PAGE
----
Marlborough District Council will invest up to $70,000 over the next three years to help promote the region as a film and television location.
The council has agreed to partner with Screen Wellington which wants to increase production activity in the region.
The council's economic development manager Neil Henry said producing a film was not that different to other businesses that needed help with consents for land use, or simply directions to locations.
"We'll essentially be using existing resources to help film makers looking to shoot in the region," Mr Henry said.
It would work as an extension of Smart Business Marlborough - the council service that supported business development.
The council was keen to gauge the level of demand, which would determine if extra investment in a stand-alone film office was warranted, he said.
Aaron Falvey from the Top of the South Film Makers Society said that was a positive step.
Film makers stood to benefit from the council's decision through getting more work, while film production brought wider economic benefits to regions which supported the industry, Mr Falvey said.
"The value to us as film makers is obviously the potential for work, but the value to the region is the return on investment. If you can get a full film shoot happening in your region then you have the potential to call on resources in your region."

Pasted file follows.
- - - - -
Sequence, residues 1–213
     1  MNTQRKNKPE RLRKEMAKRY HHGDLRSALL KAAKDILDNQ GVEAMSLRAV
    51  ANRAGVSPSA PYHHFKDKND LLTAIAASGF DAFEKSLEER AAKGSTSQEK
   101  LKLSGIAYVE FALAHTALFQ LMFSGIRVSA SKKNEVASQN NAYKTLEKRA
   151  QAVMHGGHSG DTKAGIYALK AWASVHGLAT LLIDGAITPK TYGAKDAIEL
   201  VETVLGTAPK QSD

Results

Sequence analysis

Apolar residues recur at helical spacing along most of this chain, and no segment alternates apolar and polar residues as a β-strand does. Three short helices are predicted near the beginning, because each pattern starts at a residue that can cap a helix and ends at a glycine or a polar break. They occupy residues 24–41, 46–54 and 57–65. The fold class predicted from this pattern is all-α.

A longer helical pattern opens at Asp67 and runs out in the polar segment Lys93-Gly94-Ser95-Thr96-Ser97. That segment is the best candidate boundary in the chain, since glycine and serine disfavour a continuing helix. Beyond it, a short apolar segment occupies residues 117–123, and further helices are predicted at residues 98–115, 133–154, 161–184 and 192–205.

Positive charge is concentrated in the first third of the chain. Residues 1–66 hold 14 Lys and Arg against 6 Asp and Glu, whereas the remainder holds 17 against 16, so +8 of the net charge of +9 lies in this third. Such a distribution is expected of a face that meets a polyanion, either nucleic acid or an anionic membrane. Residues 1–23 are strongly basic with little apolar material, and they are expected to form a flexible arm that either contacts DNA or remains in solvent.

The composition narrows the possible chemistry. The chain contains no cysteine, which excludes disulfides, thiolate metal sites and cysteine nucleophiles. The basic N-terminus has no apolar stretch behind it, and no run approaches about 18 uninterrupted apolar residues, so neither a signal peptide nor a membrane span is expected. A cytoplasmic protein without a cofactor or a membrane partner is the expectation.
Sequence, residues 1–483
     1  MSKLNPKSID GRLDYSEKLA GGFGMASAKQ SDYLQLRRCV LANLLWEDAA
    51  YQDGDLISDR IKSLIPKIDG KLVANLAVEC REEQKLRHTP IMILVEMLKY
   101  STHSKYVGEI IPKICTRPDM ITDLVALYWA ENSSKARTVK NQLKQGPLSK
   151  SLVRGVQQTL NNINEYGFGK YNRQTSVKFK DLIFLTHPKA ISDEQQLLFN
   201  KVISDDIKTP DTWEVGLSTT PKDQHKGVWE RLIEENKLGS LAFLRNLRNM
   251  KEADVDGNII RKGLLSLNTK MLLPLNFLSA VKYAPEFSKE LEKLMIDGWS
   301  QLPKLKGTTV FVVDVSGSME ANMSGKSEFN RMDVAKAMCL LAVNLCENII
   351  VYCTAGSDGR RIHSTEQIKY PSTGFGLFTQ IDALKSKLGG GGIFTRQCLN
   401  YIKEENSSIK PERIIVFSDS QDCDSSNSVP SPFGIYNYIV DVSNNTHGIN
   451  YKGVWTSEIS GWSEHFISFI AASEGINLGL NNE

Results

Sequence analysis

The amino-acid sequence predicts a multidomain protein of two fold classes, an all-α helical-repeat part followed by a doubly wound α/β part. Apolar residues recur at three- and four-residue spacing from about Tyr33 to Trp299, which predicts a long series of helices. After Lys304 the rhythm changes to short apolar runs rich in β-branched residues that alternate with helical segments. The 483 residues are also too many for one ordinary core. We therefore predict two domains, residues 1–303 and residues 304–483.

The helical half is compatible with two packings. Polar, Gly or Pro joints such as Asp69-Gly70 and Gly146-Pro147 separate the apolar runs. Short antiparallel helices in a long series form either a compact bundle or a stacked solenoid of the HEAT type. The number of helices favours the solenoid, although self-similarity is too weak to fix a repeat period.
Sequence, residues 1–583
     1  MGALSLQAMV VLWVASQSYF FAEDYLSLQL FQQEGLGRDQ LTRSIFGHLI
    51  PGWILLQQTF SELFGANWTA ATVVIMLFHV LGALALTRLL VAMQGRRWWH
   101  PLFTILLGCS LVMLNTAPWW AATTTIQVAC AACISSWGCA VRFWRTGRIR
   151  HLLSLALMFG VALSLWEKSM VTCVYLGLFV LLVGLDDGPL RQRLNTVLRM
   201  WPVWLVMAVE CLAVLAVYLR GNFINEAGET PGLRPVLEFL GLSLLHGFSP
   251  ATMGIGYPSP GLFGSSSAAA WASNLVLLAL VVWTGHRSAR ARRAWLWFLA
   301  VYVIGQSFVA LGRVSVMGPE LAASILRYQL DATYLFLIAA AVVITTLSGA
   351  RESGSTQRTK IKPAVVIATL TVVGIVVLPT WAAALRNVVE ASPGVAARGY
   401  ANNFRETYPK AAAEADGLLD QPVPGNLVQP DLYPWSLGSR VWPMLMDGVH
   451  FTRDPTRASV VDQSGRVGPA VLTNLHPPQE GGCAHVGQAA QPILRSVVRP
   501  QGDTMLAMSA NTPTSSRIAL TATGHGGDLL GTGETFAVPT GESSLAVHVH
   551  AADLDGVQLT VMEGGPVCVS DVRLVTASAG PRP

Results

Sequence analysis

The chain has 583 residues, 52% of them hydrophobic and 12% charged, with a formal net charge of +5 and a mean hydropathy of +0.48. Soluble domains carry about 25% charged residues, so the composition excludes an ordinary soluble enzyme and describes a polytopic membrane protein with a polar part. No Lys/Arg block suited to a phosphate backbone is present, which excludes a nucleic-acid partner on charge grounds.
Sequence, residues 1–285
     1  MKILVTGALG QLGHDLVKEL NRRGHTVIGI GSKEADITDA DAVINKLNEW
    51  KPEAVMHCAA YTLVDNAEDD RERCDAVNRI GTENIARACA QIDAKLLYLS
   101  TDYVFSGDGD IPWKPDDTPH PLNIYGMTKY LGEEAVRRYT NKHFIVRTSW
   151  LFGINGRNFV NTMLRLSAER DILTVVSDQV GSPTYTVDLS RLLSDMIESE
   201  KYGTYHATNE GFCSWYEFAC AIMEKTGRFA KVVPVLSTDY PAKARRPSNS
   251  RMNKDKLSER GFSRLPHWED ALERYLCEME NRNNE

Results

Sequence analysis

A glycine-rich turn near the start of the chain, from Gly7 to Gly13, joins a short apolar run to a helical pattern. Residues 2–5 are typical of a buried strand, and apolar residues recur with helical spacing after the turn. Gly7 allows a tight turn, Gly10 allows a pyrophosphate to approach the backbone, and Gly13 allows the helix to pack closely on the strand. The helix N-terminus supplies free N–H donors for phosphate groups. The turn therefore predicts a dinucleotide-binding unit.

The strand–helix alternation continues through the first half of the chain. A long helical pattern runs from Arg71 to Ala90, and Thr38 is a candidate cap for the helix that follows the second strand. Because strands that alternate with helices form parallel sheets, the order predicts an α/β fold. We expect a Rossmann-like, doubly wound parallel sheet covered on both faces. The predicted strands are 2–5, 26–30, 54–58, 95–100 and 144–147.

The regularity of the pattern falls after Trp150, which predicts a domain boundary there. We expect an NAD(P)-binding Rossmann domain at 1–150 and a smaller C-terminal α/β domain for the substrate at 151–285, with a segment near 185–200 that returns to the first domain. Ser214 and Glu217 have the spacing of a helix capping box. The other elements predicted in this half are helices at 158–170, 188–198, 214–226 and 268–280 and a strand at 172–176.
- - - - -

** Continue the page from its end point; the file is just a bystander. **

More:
That could be anyone from builders needed to help construct sets, to wineries needed in location shoots, he said.
The Light Between Oceans
The big-budget Hollywood film The Light Between Oceans was partly filmed at Cape Campbell on the south Marlborough coastline, which brought in about $4 million to the local economy, its production manager said in a council report.
Mr Henry said the country's film industry was largely centred around Wellington and Auckland, and evidence showed that was where most of the money was spent.
Statistics New Zealand figures show production and post-production services in New Zealand is now a $1.5 billion industry. Almost 60 percent of that work is done in Auckland, 37 percent in Wellington, and four percent in the South Island - almost all of which is in Queenstown which has a film office.
The council report showed there were currently seven regional film offices in New Zealand.
Mr Henry said Marlborough's close proximity to Wellington was a key factor in its decision to opt for teaming up with Screen Wellington.
"This was one reason why Marlborough was chosen for The Light Between Oceans - they were looking for a lighthouse (Cape Campbell) and the proximity to Wellington and equipment they needed to bring over, was a much better than the alternative which was in the Foveaux Strait area."
The council said there had been increased interest in filming in Marlborough since Light Between Oceans.
Its immediate goal was to increase regional income from screen media productions by up to $4m within two years.
It said the investment was also aimed at retaining the skills of the younger population by offering new and relevant job opportunities, while attracting skilled people to the region.